Endocrine Abstracts (2018) 59 OC1.3 | DOI: 10.1530/endoabs.59.OC1.3

Novel insights into the genetic architecture of thyroid disease

Peter Taylor, Richard Anney, Colin Dayan, Marian Ludgate & Aled Rees


Cardiff University, Cardiff, UK.


Introduction: There has been a substantial increase in our knowledge of the genetic architecture of thyroid function, with numerous variants associated with TSH and/or FT4 levels. However, our knowledge of the genetic variants associated with thyroid disease is more limited.

Methods: Data was obtained from the Neale laboratory† which provided a case-control study to identify single nucleotide polymorphisms associated with a diagnosis of hypothyroidism or hyperthyroidism. From this data there were 337,159 participants in UK Biobank, 16,376 with a diagnosis of hypothyroidism and 2,547 witha diagnosis of hyperthyroidism.

Results: We note 79 independent variants associated with hypothyroidism, several of which were novel. Novel genome-wide significance associations (P<5×10−08) were seen in variants in or near: C12ORF42, EDARADD, ELMO1, HIPK1, LINC00271, MIR1208, MIR6711, MIR7-3, MIR8071, NR1P1, PDE4A, PDX1, PLGRKT, PPP4R3B, RAD51B, SGK223, and SLC1A2. A novel variant in NRIP1 (a thyroid hormone repressor) appears to be an expression quantitative trait locus. Genome-wide levels of association were also seen for the first time in variants previously implicated in thyroid disease including TLR3, STAT1, TBX21, AAK1, RASGRP1, MIR3188 and LPP. Variants in PDE8B, CAPZB and FOXE-1, previously associated with TSH, were also associated with hypothyroidism. We also note 4 independent variants near PTPN22, CTLA4, TSHR and HLADQB1 at genome-wide levels of significance for hyperthyroidism; all were demonstrated in previous studies.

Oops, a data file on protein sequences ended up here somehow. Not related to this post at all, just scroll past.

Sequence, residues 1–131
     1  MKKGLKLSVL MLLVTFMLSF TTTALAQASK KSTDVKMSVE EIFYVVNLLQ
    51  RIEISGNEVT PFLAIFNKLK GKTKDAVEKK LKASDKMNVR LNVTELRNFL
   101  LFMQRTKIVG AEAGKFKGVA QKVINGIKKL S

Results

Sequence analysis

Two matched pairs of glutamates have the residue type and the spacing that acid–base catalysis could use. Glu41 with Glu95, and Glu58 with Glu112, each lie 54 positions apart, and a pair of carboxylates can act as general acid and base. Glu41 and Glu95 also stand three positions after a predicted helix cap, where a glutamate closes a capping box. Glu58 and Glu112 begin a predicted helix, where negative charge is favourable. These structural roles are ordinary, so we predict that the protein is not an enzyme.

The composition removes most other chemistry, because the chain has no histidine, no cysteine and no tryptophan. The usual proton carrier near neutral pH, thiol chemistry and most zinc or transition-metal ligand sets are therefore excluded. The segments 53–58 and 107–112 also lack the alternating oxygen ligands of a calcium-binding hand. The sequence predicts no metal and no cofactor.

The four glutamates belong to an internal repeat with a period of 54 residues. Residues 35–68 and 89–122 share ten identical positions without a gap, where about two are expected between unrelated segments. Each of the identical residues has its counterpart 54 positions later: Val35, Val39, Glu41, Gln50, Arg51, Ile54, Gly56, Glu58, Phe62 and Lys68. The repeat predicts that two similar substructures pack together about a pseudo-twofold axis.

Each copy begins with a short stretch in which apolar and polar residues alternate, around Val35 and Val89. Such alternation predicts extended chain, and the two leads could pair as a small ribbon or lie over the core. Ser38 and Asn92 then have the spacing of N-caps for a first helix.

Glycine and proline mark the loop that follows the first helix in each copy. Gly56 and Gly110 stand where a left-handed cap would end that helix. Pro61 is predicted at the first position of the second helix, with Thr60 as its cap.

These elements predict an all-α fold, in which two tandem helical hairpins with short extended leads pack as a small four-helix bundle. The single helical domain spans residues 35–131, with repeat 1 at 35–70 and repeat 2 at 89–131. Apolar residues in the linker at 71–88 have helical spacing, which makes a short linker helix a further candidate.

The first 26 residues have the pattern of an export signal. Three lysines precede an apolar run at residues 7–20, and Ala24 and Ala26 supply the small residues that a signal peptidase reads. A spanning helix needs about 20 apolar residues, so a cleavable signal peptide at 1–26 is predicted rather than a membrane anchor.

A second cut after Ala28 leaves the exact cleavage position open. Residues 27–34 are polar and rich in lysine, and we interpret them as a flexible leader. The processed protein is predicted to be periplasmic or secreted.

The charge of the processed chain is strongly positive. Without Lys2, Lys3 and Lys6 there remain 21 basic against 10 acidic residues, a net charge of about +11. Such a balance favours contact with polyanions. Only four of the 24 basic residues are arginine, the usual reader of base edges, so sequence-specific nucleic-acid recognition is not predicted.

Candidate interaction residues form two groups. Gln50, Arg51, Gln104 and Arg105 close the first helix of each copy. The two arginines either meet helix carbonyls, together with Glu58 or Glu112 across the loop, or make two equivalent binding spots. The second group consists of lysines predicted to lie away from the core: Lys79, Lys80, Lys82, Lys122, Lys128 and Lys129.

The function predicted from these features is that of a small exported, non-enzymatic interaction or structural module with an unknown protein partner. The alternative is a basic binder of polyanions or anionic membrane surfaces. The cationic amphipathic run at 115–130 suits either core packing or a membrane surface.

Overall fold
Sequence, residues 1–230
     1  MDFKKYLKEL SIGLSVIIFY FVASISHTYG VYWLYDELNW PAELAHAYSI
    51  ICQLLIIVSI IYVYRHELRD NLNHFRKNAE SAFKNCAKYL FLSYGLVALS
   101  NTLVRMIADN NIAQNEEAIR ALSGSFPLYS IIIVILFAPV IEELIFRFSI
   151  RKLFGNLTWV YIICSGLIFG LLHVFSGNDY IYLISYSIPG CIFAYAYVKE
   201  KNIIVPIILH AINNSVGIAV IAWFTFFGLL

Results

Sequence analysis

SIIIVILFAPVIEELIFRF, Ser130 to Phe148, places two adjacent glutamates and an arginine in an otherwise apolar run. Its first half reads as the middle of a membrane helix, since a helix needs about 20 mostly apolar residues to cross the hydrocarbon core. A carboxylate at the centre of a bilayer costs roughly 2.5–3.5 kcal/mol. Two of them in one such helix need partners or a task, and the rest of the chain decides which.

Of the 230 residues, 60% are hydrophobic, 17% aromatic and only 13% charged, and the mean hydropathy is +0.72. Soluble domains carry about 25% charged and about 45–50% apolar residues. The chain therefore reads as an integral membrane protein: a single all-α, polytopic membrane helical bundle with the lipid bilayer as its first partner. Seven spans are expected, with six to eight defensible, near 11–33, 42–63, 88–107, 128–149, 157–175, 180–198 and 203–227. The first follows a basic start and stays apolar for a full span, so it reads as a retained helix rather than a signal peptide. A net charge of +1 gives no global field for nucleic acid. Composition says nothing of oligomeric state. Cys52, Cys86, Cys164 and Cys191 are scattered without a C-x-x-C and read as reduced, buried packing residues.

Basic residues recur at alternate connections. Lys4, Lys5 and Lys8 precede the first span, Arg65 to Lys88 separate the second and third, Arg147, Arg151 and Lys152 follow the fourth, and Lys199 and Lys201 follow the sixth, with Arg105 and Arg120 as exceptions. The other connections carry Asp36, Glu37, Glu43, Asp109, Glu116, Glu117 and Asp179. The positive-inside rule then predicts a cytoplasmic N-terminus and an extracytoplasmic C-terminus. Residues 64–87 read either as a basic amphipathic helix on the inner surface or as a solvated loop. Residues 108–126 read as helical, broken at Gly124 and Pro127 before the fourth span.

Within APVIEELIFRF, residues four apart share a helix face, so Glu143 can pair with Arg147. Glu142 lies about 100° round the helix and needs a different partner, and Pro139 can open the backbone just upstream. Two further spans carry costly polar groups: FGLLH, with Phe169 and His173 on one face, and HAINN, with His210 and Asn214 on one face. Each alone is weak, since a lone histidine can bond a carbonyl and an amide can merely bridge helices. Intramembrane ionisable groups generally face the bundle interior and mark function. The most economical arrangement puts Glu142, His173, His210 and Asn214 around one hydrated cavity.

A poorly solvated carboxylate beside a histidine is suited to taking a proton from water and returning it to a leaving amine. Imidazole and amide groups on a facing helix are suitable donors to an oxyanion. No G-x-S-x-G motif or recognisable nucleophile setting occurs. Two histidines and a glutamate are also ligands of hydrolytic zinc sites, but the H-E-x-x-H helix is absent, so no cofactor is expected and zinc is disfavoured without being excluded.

Conclusion: The substantial polygenic nature of the associations seen in multiple potential pathways with thyroid disease may explain its high prevalence. This work has also identified potential pathogenic pathways in genes associated with thyroid cancer and identified novel insights into thyroid disease. Intriguingly, few of the genetic variants associated with altered TSH and FT4 levels in the normal population were strongly associated with developing overt thyroid disease. †(http://www.nealelab.is/blog/2017/7/19/rapid-gwas-of-thousands-of-phenotypes-for-337000-samples-in-the-uk-biobank)

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